Congressional action during COVID-19

Departments - Legislative Landscape

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June 3, 2020

In response to the COVID-19 pandemic, Congress was forced to act quickly and provide immediate relief for those that have been most impacted. The National Association of Landscape Professionals has been engaged with Congressional offices to support these efforts. To date, three COVID-19 related stimulus packages have been passed.

The first package, passed March 6, provided $8.3 billion in relief.

Key programs included:

  • Funding to federal, state and local agencies to combat COVID-19
  • Providing waivers for Medicare telehealth restrictions
  • Investments in vaccine research

The second package, passed on March 14, the Families First Act provided $192 billion in relief. Key programs included:

  • 14-day paid sick leave for those impacted by COVID-19
  • Extended paid family medial leave for those impacted by COVID-19
  • Payroll tax credits for employers
  • Increased funding for food stamps
  • Funding for COVID-19 testing

The third package, passed on March 25, The Coronavirus Aid, Relief, and Economic Security Act (CARES) provided $2 trillion in relief. Key programs included:

  • Paycheck Protection Program
  • Main Street Lending Program
  • Direct payments to individuals and families
  • CDC/DHS funding
  • Aviation industry bailout
  • Student loan suspension
  • Unemployment expansion

**A Supplemental to the CARES Act passed on April 20 provided an additional $450 billion in relief mainly toward replenishing PPP along with additional funding for hospitals and testing devices.**

Congress is now looking to the next round of coronavirus relief in the face of new figures form the Department of Labor that show that unemployment climbed to 14.7% in April and is expected to reach 20% or higher in May.

As U.S. unemployment nears 20%, Congress will try to pass another stimulus that may take more time than before.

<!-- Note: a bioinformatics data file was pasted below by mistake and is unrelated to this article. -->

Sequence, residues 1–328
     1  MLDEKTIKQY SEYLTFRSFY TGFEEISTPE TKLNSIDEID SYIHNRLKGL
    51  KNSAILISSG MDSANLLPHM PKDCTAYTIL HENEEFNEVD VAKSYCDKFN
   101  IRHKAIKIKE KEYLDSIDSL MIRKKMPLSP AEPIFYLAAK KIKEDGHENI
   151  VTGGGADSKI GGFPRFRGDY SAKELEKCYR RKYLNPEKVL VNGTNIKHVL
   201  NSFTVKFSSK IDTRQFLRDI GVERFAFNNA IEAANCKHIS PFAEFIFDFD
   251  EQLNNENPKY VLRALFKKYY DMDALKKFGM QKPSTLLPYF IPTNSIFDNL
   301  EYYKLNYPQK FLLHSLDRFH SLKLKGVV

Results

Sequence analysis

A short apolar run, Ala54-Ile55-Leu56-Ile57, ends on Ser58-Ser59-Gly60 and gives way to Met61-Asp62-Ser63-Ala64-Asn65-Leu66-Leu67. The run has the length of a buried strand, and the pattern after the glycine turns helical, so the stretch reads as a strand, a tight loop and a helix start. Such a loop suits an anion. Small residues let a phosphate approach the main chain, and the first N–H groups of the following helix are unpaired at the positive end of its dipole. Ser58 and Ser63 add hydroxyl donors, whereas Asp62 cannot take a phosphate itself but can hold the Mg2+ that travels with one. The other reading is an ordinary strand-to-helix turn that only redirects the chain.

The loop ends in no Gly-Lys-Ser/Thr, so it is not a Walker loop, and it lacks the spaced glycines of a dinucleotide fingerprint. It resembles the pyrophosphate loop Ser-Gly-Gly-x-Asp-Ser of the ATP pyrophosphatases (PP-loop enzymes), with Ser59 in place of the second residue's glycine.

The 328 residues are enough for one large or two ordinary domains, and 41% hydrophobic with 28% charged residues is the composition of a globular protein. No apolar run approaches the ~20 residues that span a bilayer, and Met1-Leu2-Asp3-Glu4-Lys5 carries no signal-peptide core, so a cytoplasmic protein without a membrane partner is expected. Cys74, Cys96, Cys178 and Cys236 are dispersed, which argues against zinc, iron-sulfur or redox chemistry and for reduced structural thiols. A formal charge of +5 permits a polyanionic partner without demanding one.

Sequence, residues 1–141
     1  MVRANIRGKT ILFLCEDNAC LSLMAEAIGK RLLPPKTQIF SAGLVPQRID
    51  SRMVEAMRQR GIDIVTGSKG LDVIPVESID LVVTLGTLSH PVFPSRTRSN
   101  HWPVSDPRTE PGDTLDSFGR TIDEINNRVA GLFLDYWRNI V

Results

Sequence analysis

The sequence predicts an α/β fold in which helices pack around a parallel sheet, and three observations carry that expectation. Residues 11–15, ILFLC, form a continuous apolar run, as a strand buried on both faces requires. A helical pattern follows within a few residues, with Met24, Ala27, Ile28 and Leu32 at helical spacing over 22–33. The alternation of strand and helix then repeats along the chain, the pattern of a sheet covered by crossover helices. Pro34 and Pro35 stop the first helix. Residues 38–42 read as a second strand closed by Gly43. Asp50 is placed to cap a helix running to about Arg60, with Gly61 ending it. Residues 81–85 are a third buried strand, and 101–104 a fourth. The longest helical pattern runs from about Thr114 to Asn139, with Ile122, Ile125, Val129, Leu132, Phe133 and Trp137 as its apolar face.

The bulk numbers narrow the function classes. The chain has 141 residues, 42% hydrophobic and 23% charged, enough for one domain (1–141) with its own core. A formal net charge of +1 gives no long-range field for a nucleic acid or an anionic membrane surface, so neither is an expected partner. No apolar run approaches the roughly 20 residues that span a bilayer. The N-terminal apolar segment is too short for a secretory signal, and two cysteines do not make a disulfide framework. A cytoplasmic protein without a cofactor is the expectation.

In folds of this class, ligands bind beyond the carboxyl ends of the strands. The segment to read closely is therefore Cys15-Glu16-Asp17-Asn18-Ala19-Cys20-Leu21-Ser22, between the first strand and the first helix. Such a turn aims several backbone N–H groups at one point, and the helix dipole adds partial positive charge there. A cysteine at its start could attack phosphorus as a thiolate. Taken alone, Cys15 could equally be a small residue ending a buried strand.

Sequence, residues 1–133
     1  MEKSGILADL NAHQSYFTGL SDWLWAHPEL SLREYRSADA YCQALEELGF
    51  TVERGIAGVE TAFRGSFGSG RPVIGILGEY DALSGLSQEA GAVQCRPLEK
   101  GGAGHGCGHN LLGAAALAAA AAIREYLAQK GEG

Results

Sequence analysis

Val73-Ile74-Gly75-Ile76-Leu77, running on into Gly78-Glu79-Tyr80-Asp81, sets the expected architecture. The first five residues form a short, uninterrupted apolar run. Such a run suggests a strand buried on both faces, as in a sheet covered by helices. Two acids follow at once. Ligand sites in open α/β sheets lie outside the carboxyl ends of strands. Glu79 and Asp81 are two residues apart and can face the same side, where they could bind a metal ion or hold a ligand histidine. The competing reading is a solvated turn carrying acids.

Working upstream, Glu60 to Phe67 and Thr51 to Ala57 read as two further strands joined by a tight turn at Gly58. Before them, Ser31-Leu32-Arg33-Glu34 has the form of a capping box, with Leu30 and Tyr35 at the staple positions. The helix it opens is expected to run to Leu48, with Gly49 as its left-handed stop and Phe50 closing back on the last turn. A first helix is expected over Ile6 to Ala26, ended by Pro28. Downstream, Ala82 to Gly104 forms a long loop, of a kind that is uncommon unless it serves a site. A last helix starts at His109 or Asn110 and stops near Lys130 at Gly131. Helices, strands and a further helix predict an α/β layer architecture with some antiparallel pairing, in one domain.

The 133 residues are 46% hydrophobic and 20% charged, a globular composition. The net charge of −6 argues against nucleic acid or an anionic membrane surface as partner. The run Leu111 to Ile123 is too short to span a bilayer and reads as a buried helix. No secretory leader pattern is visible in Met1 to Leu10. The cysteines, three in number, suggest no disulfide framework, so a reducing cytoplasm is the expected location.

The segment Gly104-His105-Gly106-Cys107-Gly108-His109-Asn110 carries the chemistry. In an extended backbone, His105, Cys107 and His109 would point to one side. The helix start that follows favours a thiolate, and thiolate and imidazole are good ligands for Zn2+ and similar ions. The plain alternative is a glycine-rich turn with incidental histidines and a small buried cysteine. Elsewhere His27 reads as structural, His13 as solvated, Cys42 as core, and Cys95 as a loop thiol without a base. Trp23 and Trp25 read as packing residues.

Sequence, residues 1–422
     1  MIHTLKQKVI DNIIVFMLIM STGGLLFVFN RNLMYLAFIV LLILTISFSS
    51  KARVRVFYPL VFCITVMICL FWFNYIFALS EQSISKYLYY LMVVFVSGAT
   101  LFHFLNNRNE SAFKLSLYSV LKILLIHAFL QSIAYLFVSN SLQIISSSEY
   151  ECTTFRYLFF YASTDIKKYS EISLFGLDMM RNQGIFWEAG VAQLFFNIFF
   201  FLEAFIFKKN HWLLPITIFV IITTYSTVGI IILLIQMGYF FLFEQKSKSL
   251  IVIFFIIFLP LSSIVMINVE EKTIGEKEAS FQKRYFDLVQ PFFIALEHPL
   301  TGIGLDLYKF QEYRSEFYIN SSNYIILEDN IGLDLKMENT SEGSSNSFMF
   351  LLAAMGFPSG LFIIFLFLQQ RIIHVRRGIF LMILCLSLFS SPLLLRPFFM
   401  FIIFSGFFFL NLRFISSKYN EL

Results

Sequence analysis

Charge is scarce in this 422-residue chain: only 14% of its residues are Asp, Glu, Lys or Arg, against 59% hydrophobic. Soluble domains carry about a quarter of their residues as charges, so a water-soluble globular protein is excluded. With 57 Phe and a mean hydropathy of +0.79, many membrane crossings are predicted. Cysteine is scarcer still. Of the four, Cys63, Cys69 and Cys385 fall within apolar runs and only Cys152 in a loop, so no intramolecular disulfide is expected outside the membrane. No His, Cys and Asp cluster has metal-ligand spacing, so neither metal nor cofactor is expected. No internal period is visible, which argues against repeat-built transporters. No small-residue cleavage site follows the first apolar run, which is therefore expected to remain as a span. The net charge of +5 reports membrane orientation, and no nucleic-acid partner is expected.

The House may vote on a Democratic stimulus plan that is seen as a Democratic marker for negotiations with the White House over the next economic stimulus package. House Members are also expected to vote on rules change that would allow proxy voting for Representatives who are unable to travel to Washington due to health concerns.

The Democratic stimulus package is likely to contain: additional aid for state and local governments; additional stimulus payments to individuals; a further expansion of unemployment benefits; funding for the U.S. Postal Service and student loan forgiveness for health care workers. The bill will not include President Trump’s request for changes to the payroll and capital gains tax.

As fiscal conservatives grow concerned and partisan bickering amplifies, the next stimulus will likely take more time and involve debates over some major partisan issues including:

  • Funding for states
  • Funding for remote and absentee voting
  • Increasing access to food programs
  • Employment payroll tax deduction
  • Infrastructure funding
  • Additional industry “bail outs”

House Republican Leader McCarthy (CA) is calling for hearings and an analysis of the impact of the previous stimulus bills before proceeding with a new package. Senate Majority Leader McConnell (R-KY) has expressed similar sentiments.

NALP is monitoring negotiations closely and will keep you updated. NALP will be specifically focusing on:

  • More access to capital for those businesses that have been adversely impacted by COVID-19
  • Incentives for homeowners, businesses and local governments to invest in landscape services via tax credits or grants
  • Limiting liability for companies where a transmission of COVID-19 has occurred

NALP will continue to represent the landscape industry on Capitol Hill and look for opportunities to support programs that benefit the landscape industry and the customers we service.

Editor’s note: This article was written on May 8, 2020. You can contact Bray at andrew@landscapeprofessionals.org for the most current information.